MCHbest. NPM 8: Physical Activity
Strategy. Infrastructure and Environmental Supports for Physical Activity
Approach. Promote the development and use of infrastructure that facilitates physical activity (e.g., walking trails, sidewalks, playgrounds, parks).
Overview. Environmental strategies focusing on increasing physical activity have been shown to be effective, especially when increasing physical activity among school-aged boys.1,2
Evidence. Moderate Evidence. Environmental change strategies such as creation of walking trails and infrastructure through legislative, fiscal or policy requirements, and planning have shown to be effective.3 Additionally, promotion of the use of new or existing facilities is critical to encourage use.3 This strategy has been tested more than once and results trend positive overall. See the references below for specific studies related to this strategy. Access the peer-reviewed evidence through the MCH Digital Library. Access additional peer-reviewed evidence through the Cochrane Library. (Read more about understanding evidence ratings).
Target Audience. Community.
Outcome. Increased level of physical activity. For detailed outcomes related to each study supporting this strategy, click on the peer-reviewed evidence link above and read the "Intervention Results" for each study.
Examples from the Field. Access descriptions of ESMs across all states/jurisdictions that use this strategy directly or intervention components that align with this strategy. You can use these ESMs to see how other Title V agencies are addressing the NPM.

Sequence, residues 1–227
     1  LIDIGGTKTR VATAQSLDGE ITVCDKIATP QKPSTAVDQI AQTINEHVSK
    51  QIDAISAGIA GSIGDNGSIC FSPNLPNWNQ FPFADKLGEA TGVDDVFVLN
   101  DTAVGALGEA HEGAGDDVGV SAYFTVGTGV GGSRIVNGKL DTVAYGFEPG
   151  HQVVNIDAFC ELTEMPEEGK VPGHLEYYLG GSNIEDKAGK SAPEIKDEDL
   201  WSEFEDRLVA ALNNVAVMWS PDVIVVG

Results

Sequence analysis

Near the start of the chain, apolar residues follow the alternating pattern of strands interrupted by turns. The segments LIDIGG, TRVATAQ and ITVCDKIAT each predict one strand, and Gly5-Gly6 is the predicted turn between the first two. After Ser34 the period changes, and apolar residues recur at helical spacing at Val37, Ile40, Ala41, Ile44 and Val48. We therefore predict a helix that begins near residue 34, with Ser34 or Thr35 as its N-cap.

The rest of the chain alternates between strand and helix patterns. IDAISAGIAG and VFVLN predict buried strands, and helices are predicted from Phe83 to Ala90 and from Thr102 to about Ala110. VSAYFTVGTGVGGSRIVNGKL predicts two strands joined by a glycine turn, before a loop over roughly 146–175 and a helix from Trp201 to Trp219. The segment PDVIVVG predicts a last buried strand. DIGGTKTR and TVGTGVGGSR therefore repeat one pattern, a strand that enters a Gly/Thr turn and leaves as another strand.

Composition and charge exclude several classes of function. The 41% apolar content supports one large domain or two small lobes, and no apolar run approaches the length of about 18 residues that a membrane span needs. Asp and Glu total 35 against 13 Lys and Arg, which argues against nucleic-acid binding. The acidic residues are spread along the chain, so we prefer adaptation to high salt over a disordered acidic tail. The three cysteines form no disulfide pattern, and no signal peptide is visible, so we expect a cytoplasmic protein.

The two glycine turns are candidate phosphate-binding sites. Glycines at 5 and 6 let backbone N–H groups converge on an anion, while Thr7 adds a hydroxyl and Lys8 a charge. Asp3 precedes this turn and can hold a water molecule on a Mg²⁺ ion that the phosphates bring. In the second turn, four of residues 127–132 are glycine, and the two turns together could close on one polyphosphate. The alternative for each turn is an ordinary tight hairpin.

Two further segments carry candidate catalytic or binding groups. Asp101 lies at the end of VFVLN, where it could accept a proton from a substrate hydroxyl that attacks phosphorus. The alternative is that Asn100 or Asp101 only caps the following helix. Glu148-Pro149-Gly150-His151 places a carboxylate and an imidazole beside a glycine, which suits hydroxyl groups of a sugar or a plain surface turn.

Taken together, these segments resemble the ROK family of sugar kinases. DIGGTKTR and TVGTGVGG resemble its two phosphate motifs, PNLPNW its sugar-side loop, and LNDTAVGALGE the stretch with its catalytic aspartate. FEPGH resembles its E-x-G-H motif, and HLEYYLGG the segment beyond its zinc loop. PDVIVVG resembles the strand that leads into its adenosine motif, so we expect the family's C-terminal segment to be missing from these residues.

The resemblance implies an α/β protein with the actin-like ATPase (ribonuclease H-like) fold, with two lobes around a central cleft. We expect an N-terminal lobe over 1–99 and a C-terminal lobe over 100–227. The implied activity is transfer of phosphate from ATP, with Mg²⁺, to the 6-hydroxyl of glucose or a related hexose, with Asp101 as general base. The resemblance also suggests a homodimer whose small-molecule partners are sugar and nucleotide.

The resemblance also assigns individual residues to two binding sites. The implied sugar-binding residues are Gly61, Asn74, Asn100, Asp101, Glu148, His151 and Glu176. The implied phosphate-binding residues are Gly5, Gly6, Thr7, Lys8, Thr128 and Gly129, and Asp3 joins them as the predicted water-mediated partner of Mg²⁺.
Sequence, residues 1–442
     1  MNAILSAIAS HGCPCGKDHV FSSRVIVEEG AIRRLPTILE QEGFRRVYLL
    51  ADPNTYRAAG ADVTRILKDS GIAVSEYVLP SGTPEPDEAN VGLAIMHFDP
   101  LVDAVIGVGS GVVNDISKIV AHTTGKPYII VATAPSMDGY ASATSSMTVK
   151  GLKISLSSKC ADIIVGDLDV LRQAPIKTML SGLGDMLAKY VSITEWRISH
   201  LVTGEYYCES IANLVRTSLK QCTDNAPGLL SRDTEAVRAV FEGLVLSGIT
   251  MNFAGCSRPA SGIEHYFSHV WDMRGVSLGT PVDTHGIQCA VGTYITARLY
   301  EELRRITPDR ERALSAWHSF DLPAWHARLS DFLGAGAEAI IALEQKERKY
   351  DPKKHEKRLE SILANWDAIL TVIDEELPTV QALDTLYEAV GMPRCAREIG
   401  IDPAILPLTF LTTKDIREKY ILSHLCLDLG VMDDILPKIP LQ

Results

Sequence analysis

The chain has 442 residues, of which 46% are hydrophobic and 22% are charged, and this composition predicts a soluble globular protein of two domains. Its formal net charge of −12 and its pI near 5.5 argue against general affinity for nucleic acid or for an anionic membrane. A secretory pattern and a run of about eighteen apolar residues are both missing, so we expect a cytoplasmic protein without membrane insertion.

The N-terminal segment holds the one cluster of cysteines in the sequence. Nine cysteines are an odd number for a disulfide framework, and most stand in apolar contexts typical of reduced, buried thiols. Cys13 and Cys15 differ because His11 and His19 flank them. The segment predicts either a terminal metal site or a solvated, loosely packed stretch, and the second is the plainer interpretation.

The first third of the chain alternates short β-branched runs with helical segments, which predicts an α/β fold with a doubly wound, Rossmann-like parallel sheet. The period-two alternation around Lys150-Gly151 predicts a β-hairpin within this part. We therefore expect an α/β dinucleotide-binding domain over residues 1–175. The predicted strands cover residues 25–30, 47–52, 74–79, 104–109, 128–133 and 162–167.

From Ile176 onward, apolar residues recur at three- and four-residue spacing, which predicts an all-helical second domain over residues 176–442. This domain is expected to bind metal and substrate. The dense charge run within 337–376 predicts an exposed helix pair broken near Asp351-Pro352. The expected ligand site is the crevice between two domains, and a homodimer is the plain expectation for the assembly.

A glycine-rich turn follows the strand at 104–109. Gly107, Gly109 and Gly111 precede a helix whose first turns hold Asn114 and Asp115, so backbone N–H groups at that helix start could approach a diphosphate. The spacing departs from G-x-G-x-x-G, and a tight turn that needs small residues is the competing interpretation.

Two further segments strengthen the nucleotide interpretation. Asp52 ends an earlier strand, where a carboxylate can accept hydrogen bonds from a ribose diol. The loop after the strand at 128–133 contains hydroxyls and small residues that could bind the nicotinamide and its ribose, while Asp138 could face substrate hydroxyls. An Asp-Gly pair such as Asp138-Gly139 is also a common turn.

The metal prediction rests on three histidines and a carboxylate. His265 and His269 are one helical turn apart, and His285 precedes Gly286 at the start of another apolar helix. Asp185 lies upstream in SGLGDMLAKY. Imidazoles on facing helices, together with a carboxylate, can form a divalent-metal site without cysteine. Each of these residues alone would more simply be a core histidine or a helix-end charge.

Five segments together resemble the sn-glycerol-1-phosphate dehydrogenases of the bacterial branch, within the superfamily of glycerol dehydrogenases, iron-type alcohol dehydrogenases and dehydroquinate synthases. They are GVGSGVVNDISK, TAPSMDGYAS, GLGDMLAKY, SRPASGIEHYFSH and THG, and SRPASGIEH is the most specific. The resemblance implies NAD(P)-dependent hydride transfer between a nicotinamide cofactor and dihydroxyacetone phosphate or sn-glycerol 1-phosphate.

Oregon's Title V provided technical assistance to local grantees to develop school wellness policies and Safe Routes to School programs to meet national physical activity guidelines for children.
The Role of Title V. Title V agencies can support better built environments through a number of approaches:
- Partner with parks and recreation to create or promote the use of a mobile app for finding and using recreational and park spaces.
- Provide education and support for school districts that adopt policies of open community use of school recreation spaces.
- Convene or support training and technical assistance for muncipalities on how to enact policies or design streets/neighborhoods in ways that promote physical activity.
- Leverage funding from multiple sources to support communities to focus on urban designs that promotes physical activity.
Sample ESMs. Using the approach “Promote the use of park-locator apps to increase the access and visibility of community parks,” here are sample ESMs you can use as a model for your own measures using the Results-Based Accountability framework (for suggestions on how to develop programs to support this strategy, see The Role of Title V in Adapting Strategies):
Note. ESMs become stronger as they move from measuring quantity to measuring quality (moving from Quadrants 1 and 3, respectively, to Quadrants 2 and 4) and from measuring effort to measuring effect (moving from Quadrants 1 and 2, respectively, to Quadrants 3 and 4).
1 Nordbø, E. C. A., Nordh, H., Raanaas, R. K., & Aamodt, G. (2019). Promoting activity participation and well-being among children and adolescents: a systematic review of neighborhood built-environment determinants. JBI database of systematic reviews and implementation reports.
2 Sallis, J. F., McKenzie, T. L., Conway, T. L., Elder, J. P., Prochaska, J. J., Brown, M., ... & Alcaraz, J. E. (2003). Environmental interventions for eating and physical activity: a randomized controlled trial in middle schools. American Journal of Preventive Medicine, 24(3), 209-217.
3 Piercy, K.L., Dorn, J.M., Fulton, J.E., et al. (2015) Opportunity for public health to increase physical activity among youths. American Journal of Public Health, 105(3), 421-426.